The impact of motivation on work performance has been of considerable interest to researchers for many years. Since the role of work in a society reflects the values of that society, work motivation is also presumably influenced by cultural issues. Managing across cultures requires motivating employees from various cultures, but finding a framework for motivating and managing behavior across cultures has proven difficult (Adler and Doktor, 1989). Overall, the evidence for the impact of culture on motivation is primarily experiential and anecdotal rather than research based.
Theories of motivation can be categorized into two primary schools of thought: content and process. Theorists such as A. H. Maslow (1943), F. Herzberg (1966), and D. McClelland (1976) developed what are known as content theories, in that they emphasize what motivates an individual. In contrast, Vroom (1964) and Locke (1991) proposed theories that emphasize how an individual is motivated to behave. These are known as process theories.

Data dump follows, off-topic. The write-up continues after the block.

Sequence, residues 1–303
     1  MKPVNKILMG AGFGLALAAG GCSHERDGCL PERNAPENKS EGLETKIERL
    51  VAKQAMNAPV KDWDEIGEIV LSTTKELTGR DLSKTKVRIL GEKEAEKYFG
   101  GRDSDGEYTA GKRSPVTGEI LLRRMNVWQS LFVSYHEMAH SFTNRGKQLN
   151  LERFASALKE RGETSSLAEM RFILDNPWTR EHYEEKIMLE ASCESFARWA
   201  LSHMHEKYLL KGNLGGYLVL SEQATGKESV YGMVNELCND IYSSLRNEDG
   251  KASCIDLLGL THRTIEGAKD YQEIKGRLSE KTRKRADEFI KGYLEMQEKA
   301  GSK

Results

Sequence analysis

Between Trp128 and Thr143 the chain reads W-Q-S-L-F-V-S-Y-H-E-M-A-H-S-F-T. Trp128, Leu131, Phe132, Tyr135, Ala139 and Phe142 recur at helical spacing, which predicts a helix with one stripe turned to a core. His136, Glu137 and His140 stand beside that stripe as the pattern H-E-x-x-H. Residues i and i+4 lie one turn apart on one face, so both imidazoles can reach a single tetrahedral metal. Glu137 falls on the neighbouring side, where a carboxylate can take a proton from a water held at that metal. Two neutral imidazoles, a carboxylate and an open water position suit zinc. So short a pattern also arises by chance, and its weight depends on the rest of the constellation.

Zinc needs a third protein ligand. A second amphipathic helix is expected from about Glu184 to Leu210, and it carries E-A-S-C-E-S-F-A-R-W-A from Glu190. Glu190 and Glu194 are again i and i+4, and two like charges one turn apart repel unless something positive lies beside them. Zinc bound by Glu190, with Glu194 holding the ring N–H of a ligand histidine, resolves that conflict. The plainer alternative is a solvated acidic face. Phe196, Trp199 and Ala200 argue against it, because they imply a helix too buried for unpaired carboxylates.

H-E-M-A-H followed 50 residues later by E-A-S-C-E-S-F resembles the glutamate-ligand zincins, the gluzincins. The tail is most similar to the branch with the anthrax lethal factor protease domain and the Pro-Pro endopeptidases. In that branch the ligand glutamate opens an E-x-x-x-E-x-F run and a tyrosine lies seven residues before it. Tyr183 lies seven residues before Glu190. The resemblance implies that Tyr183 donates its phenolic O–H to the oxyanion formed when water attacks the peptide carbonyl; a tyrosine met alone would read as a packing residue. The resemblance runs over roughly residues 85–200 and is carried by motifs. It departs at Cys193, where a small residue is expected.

In an attempt to pull together the different theories and approaches to work motivation, Locke (1991) noted that content and process theories are not necessarily different. Rather, they address different aspects of the motivational sequence. He proposed that motivation be looked at as having a motivation core and a motivation hub. The model begins as a need theory and then moves to values and motives, which are the core of the motivation. Need theories, as proposed by Maslow and others, start with the assumption that people have a variety of needs that have to be met and that motivation is driven by the desire to satisfy those needs. Values